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published on August 30, 2016 - 6:53 PM
Written by The Business Journal Staff
Led by a dropoff in milk and citrus, Tulare County’s 2015 crop report valued the area’s overall agricultural output last year at $6.98 billion, a 13.7 percent decline from 2014’s record-setting $8 billion production total.

Tulare County Agricultural Commissioner Marilyn Kinoshita presented the county’s annual crop report to the board of supervisors on Tuesday.

“I think the supervisors were a little surprised by the drop but it’s kind of a trend in counties up and down the Valley,” Kinoshita said, referring to the fact that crop values in neighboring Fresno, Kings and Madera counties also showed steep declines in 2015.

“Anybody with dairy in their county, the milk price was low pretty much the entire year,” Kinoshita said. “We, in particular, had a decrease in market milk to the tune of 319 million pounds. That’s equivalent to almost 6,400 tanker trucks.”

Even with the lower milk prices, the commodity remained the county’s top product, accounting for $1.7 billion of total output.

That was followed by cattle and calves ($941 million), oranges ($819 million), grapes ($643 million) and almonds ($322 million).

“The top ten [commodities] stayed pretty consistent from 2014 to last year,” Kinoshita said.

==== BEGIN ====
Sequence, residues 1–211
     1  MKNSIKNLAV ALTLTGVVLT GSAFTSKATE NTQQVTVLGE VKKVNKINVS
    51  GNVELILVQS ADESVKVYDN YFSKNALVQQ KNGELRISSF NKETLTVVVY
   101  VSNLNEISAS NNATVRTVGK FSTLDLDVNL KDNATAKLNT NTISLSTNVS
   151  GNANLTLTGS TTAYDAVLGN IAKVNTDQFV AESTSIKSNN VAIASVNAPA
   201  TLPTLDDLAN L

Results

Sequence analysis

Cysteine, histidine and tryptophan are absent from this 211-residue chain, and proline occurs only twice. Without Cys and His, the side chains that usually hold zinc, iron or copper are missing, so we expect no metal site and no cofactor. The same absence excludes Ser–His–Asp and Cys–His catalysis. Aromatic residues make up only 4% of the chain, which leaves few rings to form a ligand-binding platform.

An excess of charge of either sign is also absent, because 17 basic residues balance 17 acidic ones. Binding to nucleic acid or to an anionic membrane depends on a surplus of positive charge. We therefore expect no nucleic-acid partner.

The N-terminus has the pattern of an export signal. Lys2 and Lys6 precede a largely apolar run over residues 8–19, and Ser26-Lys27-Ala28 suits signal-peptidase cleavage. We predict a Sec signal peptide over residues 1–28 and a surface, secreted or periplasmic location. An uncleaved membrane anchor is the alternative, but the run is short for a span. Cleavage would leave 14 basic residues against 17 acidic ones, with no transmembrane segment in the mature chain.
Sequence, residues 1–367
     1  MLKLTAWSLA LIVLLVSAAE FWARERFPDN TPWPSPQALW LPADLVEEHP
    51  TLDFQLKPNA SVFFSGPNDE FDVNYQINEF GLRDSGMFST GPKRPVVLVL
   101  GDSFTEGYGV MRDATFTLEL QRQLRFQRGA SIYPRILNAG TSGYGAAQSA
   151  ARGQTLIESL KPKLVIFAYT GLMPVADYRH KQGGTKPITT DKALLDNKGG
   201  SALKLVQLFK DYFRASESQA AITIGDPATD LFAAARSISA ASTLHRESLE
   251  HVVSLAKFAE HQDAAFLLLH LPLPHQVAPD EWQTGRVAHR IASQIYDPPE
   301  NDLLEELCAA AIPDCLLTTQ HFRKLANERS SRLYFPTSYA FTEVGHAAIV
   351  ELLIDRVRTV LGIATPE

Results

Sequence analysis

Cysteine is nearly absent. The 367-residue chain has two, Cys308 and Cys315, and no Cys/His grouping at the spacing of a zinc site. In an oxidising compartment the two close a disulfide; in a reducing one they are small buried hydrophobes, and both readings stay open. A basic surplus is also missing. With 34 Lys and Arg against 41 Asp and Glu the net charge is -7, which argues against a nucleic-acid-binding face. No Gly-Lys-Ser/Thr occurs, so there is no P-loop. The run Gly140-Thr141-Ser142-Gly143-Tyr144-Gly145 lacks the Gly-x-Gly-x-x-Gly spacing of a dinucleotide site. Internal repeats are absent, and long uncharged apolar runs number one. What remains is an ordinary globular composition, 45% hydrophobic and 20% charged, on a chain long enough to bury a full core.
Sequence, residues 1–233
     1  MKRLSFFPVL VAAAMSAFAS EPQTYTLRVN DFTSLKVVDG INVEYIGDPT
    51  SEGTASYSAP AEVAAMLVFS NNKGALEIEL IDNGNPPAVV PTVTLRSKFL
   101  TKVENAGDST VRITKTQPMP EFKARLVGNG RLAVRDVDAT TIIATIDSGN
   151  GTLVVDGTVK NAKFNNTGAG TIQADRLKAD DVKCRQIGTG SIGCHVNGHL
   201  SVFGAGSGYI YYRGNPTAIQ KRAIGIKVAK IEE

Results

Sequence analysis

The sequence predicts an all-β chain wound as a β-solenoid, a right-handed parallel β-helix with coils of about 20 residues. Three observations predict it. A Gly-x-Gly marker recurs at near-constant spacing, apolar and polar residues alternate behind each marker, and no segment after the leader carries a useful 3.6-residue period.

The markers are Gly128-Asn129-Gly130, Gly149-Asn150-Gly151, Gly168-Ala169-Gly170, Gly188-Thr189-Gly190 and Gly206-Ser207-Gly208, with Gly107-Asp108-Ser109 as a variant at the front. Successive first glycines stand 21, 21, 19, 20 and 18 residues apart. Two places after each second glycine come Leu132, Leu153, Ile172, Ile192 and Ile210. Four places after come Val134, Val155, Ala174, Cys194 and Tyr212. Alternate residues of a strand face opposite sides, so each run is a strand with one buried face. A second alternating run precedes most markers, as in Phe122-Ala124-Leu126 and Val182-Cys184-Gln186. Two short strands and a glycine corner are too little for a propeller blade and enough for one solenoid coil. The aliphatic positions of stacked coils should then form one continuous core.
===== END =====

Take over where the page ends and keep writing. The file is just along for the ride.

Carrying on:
Tangerines, corn silage and grain, small grain silage, pistachios and walnuts rounded out Tulare County’s top ten most valuable agricultural commodities.

“In 2014, we had probably our lowest field crop acreage in a long time,” Kinoshita said. “We assume it was drought-related because of the lack of water deliveries.”

Last year, Tulare County field crop production was up 62 percent from 2014, Kinoshita added.

“There was a spattering of water deliveries last year so we had a bump up of 342,000 additional acres of row crops, which made it somewhat of a normal year for us.”

But with the county’s overall milk production down 32 percent in 2015, Kinoshita said the drop off will have a ripple effect throughout the entire county.

“Especially because of how many dairies we have,” she said. “Lower yield and lower prices mean our overall value couldn’t come anywhere near the $8 billion mark it was last year.”

“If you think about all of the businesses, from veterinarians to cheese makers, that rely on dairies, this is going to impact a lot of folks around the county.”


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